The evolution of music on phones is fascinating for sure - and by "fascinating" I mean that when you look back and see how much it has changed, it really just results in bittersweet nostalgia. Music on phones "back in the day", if you will, were certainly no picnic. In fact, I imagine it even follows the "gets worse before it gets better" motto. Once upon a time, it was fairly cringe-worthy to listen to music on your phone.
When cell phones first emerged, you used what were called monophonic ringtones. It sounds exactly as you picture it would, with one note being played at a time to resemble a song or a tune that you've probably heard play more professionally. It might not have been the fanciest, but it got the job done. Not long after monophonic ringtones were introduced, polyphonic ringtones came along. And let me tell you something if you've never had the pleasure of owning a cell phone that could only play monophonic or polyphonic ringtones - polyphonic tones were the bee's knees. I personally loved my Titanic ringtone. I think I loved Leonardo DiCaprio a little bit more each time I got a phone call.
This is where things get messy - real ringtones. Like, the ringtones that let you listen to actual music. Sounded great in theory, but you have to remember that this was back in a time where speakers weren't the priority in cell phones. So just when you thought you would be the coolest person around by having that Aerosmith ringtone? You weren't. Instead of playing "Dude Looks Like A Lady" you played something like "Drrrude lpphks like a rrrrrrrrrrrrrradaygh!" and caused most people within a 10 foot radius to go deaf if you had it on high volume. But it was a good beginning. Also, real ringtones was the beginning of being able to actually host real music files on your phone. They might have been short clips, but it was something.
Then came the media phones. These phones are actually coined "messaging phones", but back then these were the prime rib or the filet mignon of cell phones. Why? Because these were the phones that started rolling out with the ability to support 1 and 2GB of memory on SD cards. With these phones you were able to actually load music onto your phone and listen to them instead of having to tote around an extra mp3 player along with you. If you were really lucky, you had a phone like this that could support up to 4GB of memory. Wow!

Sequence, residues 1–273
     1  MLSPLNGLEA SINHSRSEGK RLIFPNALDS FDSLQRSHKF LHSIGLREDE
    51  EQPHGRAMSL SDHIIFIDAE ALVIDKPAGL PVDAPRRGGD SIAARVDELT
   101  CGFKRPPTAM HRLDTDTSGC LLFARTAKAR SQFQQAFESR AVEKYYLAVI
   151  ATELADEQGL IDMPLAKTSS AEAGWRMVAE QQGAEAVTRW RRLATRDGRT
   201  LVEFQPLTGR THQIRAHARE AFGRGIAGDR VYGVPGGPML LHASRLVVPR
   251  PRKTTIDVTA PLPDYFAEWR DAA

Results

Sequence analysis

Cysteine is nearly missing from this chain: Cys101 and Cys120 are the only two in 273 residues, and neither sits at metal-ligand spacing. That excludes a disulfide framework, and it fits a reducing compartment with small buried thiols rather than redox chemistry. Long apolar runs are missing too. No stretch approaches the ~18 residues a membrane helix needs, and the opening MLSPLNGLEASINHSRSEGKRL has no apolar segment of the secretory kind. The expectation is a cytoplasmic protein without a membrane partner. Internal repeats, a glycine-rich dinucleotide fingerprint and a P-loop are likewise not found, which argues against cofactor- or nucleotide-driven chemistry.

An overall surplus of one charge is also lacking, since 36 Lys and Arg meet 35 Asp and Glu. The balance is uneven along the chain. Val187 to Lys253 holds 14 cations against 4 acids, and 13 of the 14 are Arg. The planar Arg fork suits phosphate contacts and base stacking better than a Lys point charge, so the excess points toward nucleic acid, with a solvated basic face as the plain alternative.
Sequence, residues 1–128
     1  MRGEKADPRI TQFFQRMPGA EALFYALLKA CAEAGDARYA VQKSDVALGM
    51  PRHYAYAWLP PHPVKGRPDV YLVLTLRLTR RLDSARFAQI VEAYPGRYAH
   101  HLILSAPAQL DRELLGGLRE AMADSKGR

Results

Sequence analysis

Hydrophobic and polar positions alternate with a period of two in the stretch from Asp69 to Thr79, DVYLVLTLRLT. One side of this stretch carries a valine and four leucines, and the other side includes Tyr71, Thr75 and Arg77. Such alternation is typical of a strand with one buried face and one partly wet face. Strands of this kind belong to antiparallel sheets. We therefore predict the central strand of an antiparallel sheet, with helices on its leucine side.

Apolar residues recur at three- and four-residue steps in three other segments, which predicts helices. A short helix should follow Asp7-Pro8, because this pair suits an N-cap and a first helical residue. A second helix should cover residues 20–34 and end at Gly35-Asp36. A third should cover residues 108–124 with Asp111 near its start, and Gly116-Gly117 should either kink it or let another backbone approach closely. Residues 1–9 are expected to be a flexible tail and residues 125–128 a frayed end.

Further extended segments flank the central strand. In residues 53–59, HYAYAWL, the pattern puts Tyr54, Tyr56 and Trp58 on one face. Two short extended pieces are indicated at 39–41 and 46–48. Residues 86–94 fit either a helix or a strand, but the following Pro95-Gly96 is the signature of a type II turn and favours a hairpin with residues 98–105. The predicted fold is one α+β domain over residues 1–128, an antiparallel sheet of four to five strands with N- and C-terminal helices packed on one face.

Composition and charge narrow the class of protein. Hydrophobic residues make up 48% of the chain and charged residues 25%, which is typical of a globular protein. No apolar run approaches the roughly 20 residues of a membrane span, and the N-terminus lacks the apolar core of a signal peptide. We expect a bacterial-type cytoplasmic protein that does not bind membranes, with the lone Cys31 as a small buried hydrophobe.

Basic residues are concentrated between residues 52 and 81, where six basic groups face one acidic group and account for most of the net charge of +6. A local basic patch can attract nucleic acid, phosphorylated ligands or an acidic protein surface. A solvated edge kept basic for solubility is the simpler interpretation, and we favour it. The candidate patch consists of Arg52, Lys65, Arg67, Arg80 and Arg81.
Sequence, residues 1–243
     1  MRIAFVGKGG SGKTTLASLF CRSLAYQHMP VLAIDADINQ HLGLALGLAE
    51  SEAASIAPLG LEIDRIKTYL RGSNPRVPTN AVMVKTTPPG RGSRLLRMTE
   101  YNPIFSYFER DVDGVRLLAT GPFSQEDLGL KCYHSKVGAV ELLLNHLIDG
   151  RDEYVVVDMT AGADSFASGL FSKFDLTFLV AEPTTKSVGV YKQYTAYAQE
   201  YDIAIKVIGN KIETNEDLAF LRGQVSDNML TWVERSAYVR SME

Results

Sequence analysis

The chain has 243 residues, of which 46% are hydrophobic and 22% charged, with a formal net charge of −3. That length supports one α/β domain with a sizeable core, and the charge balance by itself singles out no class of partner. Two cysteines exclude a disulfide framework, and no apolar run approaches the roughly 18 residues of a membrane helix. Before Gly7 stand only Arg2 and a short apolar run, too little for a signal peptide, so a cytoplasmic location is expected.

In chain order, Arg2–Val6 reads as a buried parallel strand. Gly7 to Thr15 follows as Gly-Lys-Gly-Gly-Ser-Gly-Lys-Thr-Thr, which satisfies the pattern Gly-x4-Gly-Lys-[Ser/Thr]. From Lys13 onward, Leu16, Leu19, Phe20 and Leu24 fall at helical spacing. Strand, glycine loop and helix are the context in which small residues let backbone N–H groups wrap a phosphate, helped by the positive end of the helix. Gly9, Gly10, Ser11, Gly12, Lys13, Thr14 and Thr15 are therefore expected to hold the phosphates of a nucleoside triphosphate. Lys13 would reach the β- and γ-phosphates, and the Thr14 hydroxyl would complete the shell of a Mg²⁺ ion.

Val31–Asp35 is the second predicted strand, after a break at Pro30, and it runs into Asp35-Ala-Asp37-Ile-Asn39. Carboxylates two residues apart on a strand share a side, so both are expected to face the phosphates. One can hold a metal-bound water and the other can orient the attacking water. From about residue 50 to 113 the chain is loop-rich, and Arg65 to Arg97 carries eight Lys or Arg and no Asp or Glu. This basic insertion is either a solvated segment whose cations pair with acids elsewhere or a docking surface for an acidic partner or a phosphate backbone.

And then we get to the fun part, and that's where we are today - smartphones. Smartphones are great for music, but they provide us with more than just a lot of memory for storing music and other media. Since smartphones also have applications available in their markets, there are a lot of different ways to listen to music on our phones now. Of course we can still load music onto our smartphones, but now we have a lot of other options like listening to Pandora, Spotify, Google Music, and even Beats Music soon. Personally, I've stopped loading music onto my phone and have started usig applications like Spotify and Pandora to get my mobile music fix on. Not only does it save me money every month, but it's also a lot more convenient for me.
It's interesting to see the progression of music in cell phones. Sometimes I still laugh thinking about how I used to sit there and listen to little clips of my favorite songs out loud with my friends on my clamshell phone, with quality so horrible that you hardly knew what song you were listening to. Fortunately, smartphones have made listening to music a much more pleasurable experience.
Readers, how do you jam out on your phone? Do you prefer to load your own music onto your phone, or do you use specific applications to get your music fix?